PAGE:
Metabolic Syndrome and Chronic Disease Risk in South Asian Immigrants: A Review of Prevalence, Factors, and Interventions

Research output: Contribution to journalReview articlepeer-review

3 Scopus citations

Abstract

South Asians (SAs) are among the fastest-growing ethnic groups in the U.S. Metabolic syndrome (MetS) is a condition that is characterized by multiple health factors that increase the risk for chronic diseases, such as cardiovascular disease (CVD) and diabetes. MetS prevalence among SA immigrants ranges from 27–47% in multiple cross-sectional studies using different diagnostic criteria, which is generally higher compared to other populations in the receiving country. Both genetic and environmental factors are attributed to this increased prevalence. Limited intervention studies have shown effective management of MetS conditions within the SA population. This review reports MetS prevalence in SAs residing in non-native countries, identifies contributing factors, and discusses ways to develop effective community-based strategies for health promotion targeting MetS among SA immigrants. There is a need for more consistently evaluated longitudinal studies to facilitate the development of directed public health policy and education to address chronic diseases in the SA immigrant community.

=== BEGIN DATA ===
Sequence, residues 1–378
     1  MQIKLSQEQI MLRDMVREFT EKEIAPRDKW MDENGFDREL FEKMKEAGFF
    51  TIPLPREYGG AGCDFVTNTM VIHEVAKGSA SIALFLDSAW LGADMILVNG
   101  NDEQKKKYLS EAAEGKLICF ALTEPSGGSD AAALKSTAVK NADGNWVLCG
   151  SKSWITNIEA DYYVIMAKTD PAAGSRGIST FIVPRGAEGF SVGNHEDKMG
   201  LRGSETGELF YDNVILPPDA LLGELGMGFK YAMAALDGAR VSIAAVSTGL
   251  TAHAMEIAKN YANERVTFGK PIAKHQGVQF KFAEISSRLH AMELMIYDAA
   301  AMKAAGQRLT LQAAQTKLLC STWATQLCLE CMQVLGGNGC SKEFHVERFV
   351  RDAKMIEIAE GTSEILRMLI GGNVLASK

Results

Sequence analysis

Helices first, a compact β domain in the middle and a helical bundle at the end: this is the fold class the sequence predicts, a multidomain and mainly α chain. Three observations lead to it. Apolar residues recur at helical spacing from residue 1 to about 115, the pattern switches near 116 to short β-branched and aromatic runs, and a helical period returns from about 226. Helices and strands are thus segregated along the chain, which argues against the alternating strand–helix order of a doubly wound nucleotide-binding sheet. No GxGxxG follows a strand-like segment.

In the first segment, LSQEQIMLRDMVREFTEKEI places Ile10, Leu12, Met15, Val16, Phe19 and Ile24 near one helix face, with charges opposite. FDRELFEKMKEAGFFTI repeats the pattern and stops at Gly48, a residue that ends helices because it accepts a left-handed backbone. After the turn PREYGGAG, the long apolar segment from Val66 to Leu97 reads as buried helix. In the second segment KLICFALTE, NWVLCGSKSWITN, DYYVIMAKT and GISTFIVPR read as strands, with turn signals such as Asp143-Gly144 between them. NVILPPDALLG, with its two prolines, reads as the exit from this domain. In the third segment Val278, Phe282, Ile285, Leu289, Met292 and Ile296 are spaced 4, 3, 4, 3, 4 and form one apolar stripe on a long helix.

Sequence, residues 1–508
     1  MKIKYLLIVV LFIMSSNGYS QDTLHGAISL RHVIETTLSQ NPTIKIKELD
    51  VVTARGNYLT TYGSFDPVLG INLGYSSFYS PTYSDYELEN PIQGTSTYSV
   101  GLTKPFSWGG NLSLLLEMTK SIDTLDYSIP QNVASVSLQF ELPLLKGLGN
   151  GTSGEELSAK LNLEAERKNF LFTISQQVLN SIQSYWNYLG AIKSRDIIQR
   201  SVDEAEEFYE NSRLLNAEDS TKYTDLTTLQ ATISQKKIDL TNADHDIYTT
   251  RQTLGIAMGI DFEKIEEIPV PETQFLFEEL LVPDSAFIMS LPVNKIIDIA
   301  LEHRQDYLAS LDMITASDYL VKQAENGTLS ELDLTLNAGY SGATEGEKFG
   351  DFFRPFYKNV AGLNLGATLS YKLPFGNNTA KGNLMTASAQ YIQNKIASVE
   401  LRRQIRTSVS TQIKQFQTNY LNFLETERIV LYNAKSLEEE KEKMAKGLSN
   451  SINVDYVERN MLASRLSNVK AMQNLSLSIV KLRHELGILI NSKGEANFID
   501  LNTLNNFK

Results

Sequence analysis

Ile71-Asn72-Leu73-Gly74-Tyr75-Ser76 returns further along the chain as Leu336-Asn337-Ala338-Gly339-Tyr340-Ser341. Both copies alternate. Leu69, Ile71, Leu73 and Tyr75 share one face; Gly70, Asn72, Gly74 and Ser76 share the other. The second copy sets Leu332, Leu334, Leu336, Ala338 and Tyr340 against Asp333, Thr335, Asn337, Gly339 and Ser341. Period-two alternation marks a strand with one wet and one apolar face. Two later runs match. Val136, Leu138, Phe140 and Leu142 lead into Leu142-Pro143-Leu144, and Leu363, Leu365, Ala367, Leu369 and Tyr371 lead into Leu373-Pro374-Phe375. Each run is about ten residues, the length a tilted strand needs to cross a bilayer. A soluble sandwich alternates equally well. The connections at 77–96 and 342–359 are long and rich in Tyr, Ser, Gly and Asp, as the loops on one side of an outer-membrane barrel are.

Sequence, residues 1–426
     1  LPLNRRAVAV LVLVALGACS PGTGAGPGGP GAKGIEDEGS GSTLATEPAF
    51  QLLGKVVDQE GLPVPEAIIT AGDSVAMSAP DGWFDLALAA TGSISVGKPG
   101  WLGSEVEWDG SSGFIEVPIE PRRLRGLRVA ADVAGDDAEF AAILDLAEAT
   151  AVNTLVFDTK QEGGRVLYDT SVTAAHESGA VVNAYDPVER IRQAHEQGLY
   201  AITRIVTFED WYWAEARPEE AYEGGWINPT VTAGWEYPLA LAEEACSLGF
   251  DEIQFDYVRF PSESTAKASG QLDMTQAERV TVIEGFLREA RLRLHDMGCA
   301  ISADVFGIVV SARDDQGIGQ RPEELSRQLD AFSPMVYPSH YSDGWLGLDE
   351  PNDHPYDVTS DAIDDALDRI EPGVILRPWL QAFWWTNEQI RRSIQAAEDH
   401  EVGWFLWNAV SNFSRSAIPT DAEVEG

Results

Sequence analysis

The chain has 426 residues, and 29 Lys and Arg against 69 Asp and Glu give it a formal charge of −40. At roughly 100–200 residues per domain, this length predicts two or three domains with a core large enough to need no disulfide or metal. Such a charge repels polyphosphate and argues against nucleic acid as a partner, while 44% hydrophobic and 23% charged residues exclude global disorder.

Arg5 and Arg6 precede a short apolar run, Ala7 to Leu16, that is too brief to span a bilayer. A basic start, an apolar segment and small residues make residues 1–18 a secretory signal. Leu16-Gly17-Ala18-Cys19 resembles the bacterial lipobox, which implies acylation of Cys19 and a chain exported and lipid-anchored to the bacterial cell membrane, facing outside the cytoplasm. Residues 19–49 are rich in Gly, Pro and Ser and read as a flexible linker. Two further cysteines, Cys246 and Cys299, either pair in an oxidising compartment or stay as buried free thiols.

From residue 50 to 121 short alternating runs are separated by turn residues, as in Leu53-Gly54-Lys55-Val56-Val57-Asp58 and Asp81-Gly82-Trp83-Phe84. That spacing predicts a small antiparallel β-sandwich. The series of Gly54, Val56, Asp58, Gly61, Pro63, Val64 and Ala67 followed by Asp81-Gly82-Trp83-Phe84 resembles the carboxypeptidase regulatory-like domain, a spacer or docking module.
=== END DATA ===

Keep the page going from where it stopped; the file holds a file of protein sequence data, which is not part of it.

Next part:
Original languageEnglish
Article number720
JournalHealthcare (Switzerland)
Volume11
Issue number5
DOIs
StatePublished - Mar 2023

Keywords

  • acculturation
  • chronic disease
  • immigrants
  • metabolic syndrome
  • South Asian

Fingerprint

Dive into the research topics of 'Metabolic Syndrome and Chronic Disease Risk in South Asian Immigrants: A Review of Prevalence, Factors, and Interventions'. Together they form a unique fingerprint.

Cite this